Taking case study of 26/11 Mumbai attacks alone there are several instances where electronic media has demonstrated a very positive role right from the beginning. Few weeks after the attacks J.P.Dutta, the chief of National Security Guards (NSG) admitted in an interview to a weekly magazine that it was due to news channels he got an idea that the attacks in Mumbai was not just a petty gangwar, but a terrorist attack. After seeing visuals on television and listening to the information that hundreds of rounds have been fired (which is unusual in a gangwar), he started his preparations to move to Mumbai, hours before he got an official order to do so.

In was due to the continuous coverage of news channels that the world got an idea of the magnitude of attacks in Mumbai. People rushed to hospitals to donate blood after it was announced in news channels that victims of the attacks were facing shortage of blood.

During the attacks, few terrorists got in touch with a national news channel and spoke of their demands which were tutored to them by their handlers. The airing of conversation between news anchors and the terrorist was strongly criticized, but it was due to this conversation that investigating agencies were first able to analyze the accents of terrorists and concluded that they belonged to Punjab province of Pakistan. Moreover, later during the trial, the editor of that news channel deposed as a witness. While punishing accused Ajmal Amir Kasab, the special court acknowledged the testimony of that editor. Photojournalists of several publications who had clicked pictures of Kasab and his accomplice Ismail at CST station also deposed as witnesses in the court.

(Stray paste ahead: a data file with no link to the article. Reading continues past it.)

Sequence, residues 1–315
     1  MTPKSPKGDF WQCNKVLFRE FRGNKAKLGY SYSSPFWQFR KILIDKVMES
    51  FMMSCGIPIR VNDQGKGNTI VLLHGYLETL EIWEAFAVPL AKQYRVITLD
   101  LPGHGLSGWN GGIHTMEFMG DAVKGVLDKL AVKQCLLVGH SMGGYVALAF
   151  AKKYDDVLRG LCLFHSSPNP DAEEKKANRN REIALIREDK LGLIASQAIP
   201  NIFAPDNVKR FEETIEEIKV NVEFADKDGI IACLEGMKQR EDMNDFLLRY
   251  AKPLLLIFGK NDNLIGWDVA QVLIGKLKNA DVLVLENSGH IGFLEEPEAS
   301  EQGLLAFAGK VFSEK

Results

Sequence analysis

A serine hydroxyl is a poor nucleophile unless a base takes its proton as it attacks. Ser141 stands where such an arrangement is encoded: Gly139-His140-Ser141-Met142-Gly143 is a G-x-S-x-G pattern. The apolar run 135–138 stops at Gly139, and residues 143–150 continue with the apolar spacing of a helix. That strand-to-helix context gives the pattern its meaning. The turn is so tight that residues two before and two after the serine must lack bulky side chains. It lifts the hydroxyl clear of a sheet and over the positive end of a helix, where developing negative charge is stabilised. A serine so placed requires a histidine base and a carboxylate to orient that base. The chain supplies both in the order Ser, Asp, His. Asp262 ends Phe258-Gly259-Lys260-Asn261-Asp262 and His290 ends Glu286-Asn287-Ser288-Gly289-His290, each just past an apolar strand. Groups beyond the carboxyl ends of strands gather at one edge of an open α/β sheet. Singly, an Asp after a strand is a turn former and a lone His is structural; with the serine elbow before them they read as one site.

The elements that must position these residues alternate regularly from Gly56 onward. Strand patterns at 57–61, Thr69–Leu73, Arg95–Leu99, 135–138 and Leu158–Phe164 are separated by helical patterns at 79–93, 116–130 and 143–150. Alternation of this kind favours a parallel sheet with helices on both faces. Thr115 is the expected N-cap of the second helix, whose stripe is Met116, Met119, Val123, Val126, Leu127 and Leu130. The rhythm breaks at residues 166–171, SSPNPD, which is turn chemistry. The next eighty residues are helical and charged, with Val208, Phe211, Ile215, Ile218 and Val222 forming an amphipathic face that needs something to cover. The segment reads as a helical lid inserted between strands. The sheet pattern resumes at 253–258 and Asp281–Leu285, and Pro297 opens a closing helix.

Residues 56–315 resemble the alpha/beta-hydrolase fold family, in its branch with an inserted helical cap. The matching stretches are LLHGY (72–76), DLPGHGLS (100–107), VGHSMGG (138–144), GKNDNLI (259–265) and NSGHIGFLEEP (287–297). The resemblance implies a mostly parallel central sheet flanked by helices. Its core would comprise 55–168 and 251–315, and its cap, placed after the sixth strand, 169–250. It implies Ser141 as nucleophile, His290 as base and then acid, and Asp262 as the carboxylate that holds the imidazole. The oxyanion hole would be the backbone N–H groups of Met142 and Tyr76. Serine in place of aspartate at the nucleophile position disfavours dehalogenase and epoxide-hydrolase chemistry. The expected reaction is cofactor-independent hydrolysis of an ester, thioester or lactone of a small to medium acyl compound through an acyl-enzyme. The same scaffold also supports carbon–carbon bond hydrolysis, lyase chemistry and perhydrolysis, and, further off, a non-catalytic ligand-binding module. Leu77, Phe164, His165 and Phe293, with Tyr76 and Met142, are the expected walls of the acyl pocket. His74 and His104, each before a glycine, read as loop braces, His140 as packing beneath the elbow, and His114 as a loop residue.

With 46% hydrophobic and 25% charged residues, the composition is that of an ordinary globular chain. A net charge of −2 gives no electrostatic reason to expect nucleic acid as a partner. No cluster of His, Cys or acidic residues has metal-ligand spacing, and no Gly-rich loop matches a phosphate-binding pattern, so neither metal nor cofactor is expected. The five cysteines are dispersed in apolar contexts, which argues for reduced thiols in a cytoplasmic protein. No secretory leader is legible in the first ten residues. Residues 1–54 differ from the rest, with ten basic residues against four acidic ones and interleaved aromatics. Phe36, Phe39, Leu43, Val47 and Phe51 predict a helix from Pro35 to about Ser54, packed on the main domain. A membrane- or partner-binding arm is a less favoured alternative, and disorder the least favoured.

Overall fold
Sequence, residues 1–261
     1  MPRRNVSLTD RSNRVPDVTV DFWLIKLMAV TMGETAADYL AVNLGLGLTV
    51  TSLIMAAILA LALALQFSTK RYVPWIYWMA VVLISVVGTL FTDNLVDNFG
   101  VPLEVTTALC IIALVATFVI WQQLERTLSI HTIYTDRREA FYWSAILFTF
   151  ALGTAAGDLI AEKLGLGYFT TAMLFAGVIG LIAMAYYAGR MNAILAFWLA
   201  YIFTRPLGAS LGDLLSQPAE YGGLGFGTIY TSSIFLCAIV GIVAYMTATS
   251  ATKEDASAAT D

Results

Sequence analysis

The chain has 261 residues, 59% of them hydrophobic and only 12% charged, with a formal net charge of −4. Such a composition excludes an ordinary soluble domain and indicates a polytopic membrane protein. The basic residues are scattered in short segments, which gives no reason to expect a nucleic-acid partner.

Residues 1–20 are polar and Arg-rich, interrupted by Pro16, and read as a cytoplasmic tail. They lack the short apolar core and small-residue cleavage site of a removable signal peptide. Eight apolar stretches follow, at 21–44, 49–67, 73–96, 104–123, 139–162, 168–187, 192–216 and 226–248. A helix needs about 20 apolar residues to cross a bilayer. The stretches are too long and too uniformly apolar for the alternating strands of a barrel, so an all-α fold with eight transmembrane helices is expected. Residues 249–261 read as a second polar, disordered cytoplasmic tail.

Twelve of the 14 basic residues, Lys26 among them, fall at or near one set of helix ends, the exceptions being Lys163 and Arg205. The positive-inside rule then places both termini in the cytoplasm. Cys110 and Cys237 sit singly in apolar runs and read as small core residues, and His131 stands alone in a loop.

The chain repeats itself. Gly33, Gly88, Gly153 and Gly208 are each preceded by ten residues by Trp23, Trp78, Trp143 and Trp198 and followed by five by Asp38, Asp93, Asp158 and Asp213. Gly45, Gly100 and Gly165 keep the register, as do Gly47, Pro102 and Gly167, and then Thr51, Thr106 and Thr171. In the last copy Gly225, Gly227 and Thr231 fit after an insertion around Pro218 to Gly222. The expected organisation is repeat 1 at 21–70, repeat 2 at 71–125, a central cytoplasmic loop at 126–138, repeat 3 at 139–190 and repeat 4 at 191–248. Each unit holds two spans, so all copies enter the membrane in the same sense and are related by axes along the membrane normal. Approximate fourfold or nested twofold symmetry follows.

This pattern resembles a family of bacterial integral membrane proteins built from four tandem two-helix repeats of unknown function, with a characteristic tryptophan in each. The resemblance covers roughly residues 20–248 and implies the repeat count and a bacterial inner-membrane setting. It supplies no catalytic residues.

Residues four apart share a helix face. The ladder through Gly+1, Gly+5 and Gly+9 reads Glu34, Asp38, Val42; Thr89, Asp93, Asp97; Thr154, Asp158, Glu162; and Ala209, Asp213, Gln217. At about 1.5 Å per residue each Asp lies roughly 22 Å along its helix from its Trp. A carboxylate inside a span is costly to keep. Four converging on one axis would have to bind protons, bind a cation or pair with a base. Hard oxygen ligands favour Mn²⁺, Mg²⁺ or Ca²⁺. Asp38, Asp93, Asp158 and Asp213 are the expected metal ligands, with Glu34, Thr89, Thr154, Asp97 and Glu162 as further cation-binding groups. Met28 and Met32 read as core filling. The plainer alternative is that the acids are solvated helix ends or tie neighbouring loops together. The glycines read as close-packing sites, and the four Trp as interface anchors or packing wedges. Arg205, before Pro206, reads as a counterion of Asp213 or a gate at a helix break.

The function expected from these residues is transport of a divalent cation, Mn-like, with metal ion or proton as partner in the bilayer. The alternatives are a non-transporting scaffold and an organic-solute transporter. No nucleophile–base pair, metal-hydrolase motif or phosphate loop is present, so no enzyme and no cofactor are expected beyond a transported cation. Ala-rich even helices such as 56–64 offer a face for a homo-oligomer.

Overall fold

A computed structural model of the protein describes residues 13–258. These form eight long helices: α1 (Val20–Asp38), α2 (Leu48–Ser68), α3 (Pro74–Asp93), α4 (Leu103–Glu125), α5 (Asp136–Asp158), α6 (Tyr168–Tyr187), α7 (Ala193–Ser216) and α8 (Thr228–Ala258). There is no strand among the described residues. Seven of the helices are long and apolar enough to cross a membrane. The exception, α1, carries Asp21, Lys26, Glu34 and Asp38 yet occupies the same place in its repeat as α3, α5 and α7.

Post attack it was due to analysis and aggressive coverage by the news channels that the lack of preparedness of security forces and lax attitude of ruling politicians was exposed.
Media became an instrument of ventilation of public anger thereby preventing any other form of reaction by the public which has been provoked several times earlier.

However, while covering terrorist attacks media has bungled too. A day after 26 November attacks, few news channels again started flashing that a fresh group of terrorist had attacked CST railways station and other locations in south Mumbai. However, this turned out be a rumor. Similarly, on 25 August 2003 when bomb blasts happened at Gateway of India and Mumbadevi Temple of Mumbai, it was reported that 4 blasts have happened instead of 2. This was a result of the initial confusion as one of the locations where blast took place was known with more than one name. (Blast outside Mumbadevi Temple was also reported as blast in Zaveri Bazar because geographically both are adjacent to each other. The closest railway station to this spot was Marine Lines, which was taken as the third location.) However, all the news channels corrected themselves within few minutes.